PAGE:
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Cycle 6 (2017 Deadline)

Evaluation study of the use of digital technologies for agriculture and food security in Mali

PI: Amadou Sidibé,,  Institute Politechnique Rural Katibougou
U.S. Partner: Laura Schmitt Olabisi, Michigan State University
Project Dates: December 2017-November 2018

Project Overview:

Research on technology in a developing world context, particularly in Africa, is sparse, with studies on technology adoption and diffusion focusing mainly on descriptive statistics. However, such statistics do not offer much insight into the process of technology adoption or productivity growth. This project will contribute to theoretical and methodological perspectives on the processes of innovation and technology development in the context of Mali. On one side, the research will contribute to understanding not only what digital technologies fit into which socioeconomic context but also what enabling conditions are required to allow their inclusive use across scales. On the other side, the NSF-funded project headed by the U.S. partner is aimed at studying the drivers of food insecurity in West Africa using a participatory modeling approach. Stakeholders at national and local levels are involved in the modeling process and in identifying drivers of food security and coping mechanisms for food insecurity. Digital technologies are being proposed in Mali as partial solutions to food insecurity. For example, mobile phones are proposed to guide farmer decision-making through expert advice on the issues of concern farmers may have, including the right period for sowing crops and market information like the price and demand for different crops. Digital technologies are also used through the combination of mobile phones and remote sensing to provide extension services, to improve agriculture statistics compilation, and to help define and document land rights, thereby reducing conflict and improving tenure security. The NSF-supported project will incorporate data collected under this PEER project to determine how effective these technologies are under different conditions. This PEER project will also yield important insights into how farmers alter their decisions after receiving enhanced information.This will help to refine how the agent-based models under the U.S. partner’s project work.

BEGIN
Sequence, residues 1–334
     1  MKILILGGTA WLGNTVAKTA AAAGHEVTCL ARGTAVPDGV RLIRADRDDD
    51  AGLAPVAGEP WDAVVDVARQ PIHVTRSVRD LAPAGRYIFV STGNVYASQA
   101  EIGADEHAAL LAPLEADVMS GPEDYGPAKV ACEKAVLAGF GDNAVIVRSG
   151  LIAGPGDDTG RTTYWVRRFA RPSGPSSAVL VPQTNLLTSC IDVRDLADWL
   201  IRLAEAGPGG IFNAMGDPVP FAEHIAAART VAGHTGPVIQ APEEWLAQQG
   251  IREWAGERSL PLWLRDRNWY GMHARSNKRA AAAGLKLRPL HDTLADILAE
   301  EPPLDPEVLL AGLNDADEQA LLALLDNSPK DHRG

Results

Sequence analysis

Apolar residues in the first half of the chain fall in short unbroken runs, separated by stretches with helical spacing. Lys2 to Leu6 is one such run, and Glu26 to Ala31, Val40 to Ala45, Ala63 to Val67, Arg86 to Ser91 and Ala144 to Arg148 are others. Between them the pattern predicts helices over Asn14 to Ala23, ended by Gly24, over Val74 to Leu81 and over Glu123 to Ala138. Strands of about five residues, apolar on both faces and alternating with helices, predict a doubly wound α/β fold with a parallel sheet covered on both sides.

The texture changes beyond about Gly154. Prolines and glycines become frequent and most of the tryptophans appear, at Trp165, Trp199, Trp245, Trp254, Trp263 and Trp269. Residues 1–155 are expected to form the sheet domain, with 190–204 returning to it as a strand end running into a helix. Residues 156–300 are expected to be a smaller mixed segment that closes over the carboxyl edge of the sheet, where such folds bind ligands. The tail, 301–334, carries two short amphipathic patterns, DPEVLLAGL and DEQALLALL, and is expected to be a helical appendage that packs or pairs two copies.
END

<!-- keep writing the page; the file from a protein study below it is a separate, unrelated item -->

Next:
Summary of Recent Activities

The project activities during this first quarter consisted of finalizing the paperwork to make the funds available. In the meantime, the 3 Masters students expected to work on the 3 projects targeted by the evaluation study have been identified (2 female and 1male) . The PI held discussions with the USG- partner during her visit in Mali in January.  

In the next 3-6 months students will finalize their proposals. An interdisciplinary research course will be provided to them before they move ahead to start their field work by an exploratory field trip. The exploratory phase of 2 weeks will be followed by a meeting to  further discuss the preliminary results in order to firm up the way forward for the main field work. The results will be discussed during the second visit of the USG-supported partner Laura Schmitt Olabisi in August.

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